Snapshots by Gloria Freeland - July 3, 2009

Good western fellowship

The heat index must have been about 110 last Tuesday when Mom, sister Gaila and I headed out to the Lazy T Ranch on K-18 just east of Manhattan. The program, sponsored by the Riley County Senior Center, was to include cowboy poetry, performed by my friend and campus colleague Ron Wilson. He calls himself the Poet Lariat and his poetry is similar to that of Baxter Black, so I didn't want to miss it.

But although I grew up on a farm and love barns and barbecued food, the thought of sitting outdoors in that heat was not very appealing. As we made our way to the ranch in Mom's air-conditioned Cadillac, we wondered aloud how many senior citizens would drop in the stifling heat.

We were relieved to discover that Ron and his wife Chris had decided to move the event into their air-conditioned office not far from the barn. About 50 of us crowded in, but even sitting in such close quarters, it was a relief to get out of the sun. The dinner was truly a family affair as the couple, three of their four children and a friend served barbecued beef, baked potatoes, baked beans, salad, huge biscuits, chocolate cake, tea and lemonade.

While we ate, we were entertained by two singing, guitar-playing cowboys, who played music by Gene Autry and other notable Western artists. Among their selections were "Little Joe, the Wrangler" - a song husband Art frequently belts out in our shower, "Red River Valley" and "Home on the Range." Some of us sang and swayed along to the music.

Ron welcomed us with "We're mighty glad you're here," and then shared a brief history of the Lazy T Ranch. It was homesteaded by Enoch Persons in 1855, the year Manhattan and Riley County were founded. The Persons Barn and Granary - which was listed on the National Register of Historic Places in January - is believed to have been built in the 1860s. The place was re-named the Lazy T Ranch in 1958. Ron's parents, W. John and Glenna Wilson, purchased the Lazy T in 1968 and moved there from their farm near Riley. About three years ago, Ron, Chris and family built a new home on the Lazy T.

Ron entertained us with his cowboy poetry - down-to-earth verse about his family, his Kansas heritage, the day a bobcat came to the ranch and other topics.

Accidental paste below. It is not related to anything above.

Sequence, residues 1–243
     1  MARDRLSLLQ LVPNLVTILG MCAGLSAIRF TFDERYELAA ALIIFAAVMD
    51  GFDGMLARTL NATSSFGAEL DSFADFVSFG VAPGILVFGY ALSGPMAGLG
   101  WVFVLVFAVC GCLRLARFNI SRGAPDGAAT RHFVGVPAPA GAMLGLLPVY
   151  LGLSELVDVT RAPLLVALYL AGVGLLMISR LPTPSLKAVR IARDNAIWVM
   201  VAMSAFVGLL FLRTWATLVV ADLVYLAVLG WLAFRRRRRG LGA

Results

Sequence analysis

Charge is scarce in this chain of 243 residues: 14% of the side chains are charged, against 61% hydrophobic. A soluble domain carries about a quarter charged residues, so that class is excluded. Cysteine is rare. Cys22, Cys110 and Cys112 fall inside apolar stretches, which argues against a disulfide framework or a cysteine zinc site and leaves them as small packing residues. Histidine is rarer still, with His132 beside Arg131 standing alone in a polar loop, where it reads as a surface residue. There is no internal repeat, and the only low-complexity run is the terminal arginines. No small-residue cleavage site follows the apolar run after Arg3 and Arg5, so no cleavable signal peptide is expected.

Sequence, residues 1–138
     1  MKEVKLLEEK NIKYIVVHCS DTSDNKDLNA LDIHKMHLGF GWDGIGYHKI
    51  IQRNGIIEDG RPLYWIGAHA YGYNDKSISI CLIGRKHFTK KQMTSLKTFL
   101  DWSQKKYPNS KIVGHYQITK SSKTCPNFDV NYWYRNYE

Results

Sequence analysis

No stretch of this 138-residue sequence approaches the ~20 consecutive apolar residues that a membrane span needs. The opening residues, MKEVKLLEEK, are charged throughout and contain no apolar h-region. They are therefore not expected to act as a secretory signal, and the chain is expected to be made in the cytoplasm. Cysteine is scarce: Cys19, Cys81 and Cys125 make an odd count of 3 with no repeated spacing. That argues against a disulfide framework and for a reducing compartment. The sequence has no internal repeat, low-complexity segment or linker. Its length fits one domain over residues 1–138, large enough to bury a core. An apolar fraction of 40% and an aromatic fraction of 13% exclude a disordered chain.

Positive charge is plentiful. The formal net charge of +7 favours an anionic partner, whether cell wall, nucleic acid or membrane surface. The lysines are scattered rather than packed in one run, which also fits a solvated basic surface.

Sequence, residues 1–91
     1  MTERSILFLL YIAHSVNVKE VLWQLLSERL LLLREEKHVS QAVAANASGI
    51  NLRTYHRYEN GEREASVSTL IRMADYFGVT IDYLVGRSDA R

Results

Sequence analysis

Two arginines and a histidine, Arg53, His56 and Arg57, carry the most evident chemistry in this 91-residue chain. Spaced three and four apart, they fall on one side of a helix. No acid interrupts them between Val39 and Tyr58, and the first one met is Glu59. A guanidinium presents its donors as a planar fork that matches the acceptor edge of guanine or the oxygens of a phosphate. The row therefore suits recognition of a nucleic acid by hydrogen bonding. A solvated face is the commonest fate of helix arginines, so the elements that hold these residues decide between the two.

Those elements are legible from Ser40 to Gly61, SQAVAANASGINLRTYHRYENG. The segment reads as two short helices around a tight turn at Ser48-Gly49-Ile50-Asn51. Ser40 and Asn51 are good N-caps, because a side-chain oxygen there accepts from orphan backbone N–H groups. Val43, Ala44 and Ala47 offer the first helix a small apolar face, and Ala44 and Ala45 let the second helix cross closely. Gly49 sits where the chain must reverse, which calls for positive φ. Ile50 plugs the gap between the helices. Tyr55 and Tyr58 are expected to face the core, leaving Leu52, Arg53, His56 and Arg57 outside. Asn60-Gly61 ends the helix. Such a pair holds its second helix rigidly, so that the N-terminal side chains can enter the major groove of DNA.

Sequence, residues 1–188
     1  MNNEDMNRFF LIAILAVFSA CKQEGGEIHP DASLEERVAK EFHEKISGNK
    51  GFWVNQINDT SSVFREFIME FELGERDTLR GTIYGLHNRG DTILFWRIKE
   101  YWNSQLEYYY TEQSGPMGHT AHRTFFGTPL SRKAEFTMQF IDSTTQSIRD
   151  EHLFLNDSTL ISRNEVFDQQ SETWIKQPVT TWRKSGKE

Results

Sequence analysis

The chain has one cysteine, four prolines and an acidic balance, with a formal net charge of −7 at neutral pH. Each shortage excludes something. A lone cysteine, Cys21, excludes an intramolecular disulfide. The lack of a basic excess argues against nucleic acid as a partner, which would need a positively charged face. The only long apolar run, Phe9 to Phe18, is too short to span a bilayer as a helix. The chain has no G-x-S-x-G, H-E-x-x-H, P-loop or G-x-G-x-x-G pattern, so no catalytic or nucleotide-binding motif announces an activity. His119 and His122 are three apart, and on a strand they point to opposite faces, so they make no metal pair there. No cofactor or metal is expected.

He demonstrated the K-State "wave," popular at Wildcat football games, and had us join in. Then, with the help of three audience "volunteers" who mimed driving old broken-down trucks, he showed us the "farmer's wave"- the one-finger-lifted-off-the-steering-wheel greeting that anyone who grew up in rural Kansas is familiar with. Again, we joined in. It was a hoot.

He ended with a poem, "Riley County Senior Citizens at the Lazy T Ranch," keeping with his tradition of tailoring his poetry to each group he performs for.

The group broke up, some going home, others dallying to chat. Mom went to the car to sit and instructed me to get lots of photos of the barn. She has always been interested in Kansas barns and has even put together a thick three-ring notebook with photos and notes about various barns she has seen through the years. Some years ago, she made scale models of several, including the barn built in 1886 on our farm.

Gaila and I went inside the limestone barn and were greeted by a couple of horses shaking off flies and 10 or so cats that paused long enough in their eating to hiss and spit at us intruders.

Later, making our way back to Manhattan, I thought of the first stanza of Ron's closing poem.

"Folks, we're glad to have you at the Lazy T tonight.

We hope the evening has treated you just right.

Thanks to the Riley County Senior Center for bringing us together,

For good western fellowship, in spite of this hot weather."

It had treated us right. The farmer's wave, the food, the entertainment and even the weather fit us perfectly - and not one senior citizen was lost in the process!

2009 Index